In vitro and in vivo assessment of the effect of
Laurus novocanariensis oil and essential oil in human skin
Laurus novocanariensis is an endemic plant from the Madeira Island forest that derives a fatty oil, with a strong spicy odour, from its berries that has been used for centuries in traditional medicine to treat skin ailments. This work aimed to investigate the effect of the application of both the oil and its essential oil on normal skin, to assess their safety and potential benefits. Diffusion studies with Franz cells using human epidermal membranes were conducted. The steady‐state fluxes of two model molecules through untreated skin were compared with those obtained after a 2‐h pre‐treatment with either the oil or the essential oil. Additionally, eleven volunteers participated in the in vivo study that was conducted on the forearm and involved daily application of the oil for 5 days. Measurements were performed every day in the treated site with bioengineering methods that measure erythema, irritation and loss of barrier function. Slightly higher steady‐state fluxes were observed for both the lipophilic and the hydrophilic molecule when the epidermal membranes were pre‐treated. Nevertheless, such differences had no statistical significance, which seems to confirm that neither the oil nor the essential oil impaired the epidermal barrier. Results collected with the Chromameter, the Laser Doppler Flowmeter and the visual scoring are in agreement with those established in the in vitro study. They indicate that the repeated application of the oil did not cause erythema, because the results observed in the first day of the study were maintained throughout the week. Application of the oil did not affect the skin barrier function, because the transepidermal water loss remained constant throughout the study. The stratum corneum hydration was slightly reduced on days 4 and 5. This work shows that both the oil and the essential oil were well tolerated by the skin and did not cause significant barrier impairment or irritation.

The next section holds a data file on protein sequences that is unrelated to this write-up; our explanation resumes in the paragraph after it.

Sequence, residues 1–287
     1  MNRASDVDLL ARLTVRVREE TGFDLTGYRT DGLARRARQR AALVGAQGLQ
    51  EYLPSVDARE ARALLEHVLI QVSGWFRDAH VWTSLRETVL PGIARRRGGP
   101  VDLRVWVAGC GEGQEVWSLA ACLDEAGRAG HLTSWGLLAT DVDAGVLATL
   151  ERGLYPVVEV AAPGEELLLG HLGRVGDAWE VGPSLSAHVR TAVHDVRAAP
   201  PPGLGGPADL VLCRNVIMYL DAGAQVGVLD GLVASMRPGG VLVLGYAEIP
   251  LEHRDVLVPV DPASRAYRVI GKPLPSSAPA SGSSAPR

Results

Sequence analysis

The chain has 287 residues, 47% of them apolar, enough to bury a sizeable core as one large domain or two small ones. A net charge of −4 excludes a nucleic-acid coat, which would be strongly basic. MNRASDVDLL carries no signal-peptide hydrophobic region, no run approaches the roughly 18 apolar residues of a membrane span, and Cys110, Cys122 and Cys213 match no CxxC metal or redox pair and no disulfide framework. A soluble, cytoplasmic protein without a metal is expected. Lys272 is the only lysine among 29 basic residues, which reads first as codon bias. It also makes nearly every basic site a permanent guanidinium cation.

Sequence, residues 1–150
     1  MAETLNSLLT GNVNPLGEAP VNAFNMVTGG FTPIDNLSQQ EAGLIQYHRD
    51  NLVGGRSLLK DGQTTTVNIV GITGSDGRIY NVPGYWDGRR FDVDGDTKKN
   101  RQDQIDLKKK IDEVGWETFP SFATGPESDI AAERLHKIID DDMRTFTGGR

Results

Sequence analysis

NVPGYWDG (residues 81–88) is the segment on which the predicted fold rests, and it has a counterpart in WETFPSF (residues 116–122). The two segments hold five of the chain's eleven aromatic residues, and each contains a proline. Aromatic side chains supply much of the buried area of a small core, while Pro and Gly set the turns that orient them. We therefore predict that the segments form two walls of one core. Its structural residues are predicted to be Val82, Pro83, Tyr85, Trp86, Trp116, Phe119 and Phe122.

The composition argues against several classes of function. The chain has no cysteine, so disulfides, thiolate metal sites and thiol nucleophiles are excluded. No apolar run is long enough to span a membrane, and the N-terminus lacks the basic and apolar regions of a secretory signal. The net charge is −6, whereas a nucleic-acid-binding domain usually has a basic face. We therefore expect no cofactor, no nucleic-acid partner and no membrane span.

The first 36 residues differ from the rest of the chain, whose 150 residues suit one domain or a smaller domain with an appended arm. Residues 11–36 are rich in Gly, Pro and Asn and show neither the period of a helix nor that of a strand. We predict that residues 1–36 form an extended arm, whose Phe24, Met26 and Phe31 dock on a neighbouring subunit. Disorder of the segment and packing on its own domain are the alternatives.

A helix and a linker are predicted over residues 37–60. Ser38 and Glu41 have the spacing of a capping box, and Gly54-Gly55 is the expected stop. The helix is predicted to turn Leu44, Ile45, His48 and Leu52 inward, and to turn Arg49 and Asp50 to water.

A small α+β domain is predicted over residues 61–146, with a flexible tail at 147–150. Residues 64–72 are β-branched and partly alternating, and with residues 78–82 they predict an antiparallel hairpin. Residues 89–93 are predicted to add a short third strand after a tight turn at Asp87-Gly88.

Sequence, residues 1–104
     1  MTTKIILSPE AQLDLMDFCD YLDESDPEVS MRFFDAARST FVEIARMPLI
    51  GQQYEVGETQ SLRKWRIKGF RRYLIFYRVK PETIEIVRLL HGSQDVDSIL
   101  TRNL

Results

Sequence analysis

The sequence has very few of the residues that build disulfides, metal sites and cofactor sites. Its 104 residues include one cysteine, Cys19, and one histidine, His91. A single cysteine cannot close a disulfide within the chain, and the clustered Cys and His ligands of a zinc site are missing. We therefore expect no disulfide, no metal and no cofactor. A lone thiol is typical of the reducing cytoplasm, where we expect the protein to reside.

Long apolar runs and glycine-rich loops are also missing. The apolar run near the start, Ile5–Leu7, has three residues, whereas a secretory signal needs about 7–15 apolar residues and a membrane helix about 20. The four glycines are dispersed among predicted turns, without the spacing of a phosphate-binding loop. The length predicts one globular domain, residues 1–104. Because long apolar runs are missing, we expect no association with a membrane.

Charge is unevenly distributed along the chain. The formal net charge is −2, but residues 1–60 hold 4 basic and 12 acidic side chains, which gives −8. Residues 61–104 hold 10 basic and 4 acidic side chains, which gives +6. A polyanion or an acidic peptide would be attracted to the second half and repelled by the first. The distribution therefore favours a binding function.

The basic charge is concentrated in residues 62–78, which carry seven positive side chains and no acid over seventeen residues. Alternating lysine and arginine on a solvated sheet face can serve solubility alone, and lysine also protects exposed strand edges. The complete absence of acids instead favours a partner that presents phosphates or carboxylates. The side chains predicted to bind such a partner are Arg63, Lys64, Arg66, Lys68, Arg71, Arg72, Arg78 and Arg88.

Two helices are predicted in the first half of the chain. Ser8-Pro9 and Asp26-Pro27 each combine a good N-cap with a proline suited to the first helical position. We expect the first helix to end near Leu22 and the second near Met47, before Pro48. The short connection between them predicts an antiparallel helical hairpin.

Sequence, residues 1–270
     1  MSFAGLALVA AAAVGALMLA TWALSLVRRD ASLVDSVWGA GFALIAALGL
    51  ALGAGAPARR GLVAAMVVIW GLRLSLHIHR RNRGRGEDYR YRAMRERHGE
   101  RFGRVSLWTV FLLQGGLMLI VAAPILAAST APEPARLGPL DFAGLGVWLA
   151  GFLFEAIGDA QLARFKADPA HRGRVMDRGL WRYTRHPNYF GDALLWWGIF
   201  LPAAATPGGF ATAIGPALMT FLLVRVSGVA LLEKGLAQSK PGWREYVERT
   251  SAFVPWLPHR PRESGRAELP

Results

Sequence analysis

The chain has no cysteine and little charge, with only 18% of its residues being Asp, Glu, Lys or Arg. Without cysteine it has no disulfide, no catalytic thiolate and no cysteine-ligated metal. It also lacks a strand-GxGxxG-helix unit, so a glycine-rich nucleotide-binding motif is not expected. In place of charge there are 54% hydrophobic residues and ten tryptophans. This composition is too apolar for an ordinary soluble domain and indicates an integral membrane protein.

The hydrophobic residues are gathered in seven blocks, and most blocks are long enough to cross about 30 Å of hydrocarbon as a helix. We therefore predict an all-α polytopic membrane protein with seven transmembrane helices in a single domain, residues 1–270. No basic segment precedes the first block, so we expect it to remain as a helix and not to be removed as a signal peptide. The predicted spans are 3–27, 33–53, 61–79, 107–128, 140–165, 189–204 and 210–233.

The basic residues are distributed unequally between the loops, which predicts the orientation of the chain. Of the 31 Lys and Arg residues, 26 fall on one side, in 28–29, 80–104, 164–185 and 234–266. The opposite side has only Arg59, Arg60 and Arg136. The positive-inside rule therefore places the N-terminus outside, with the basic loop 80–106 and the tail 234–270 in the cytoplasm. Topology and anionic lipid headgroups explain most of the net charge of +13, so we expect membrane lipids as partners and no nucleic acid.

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Document Type: Research Article
Publication date: December 1, 2012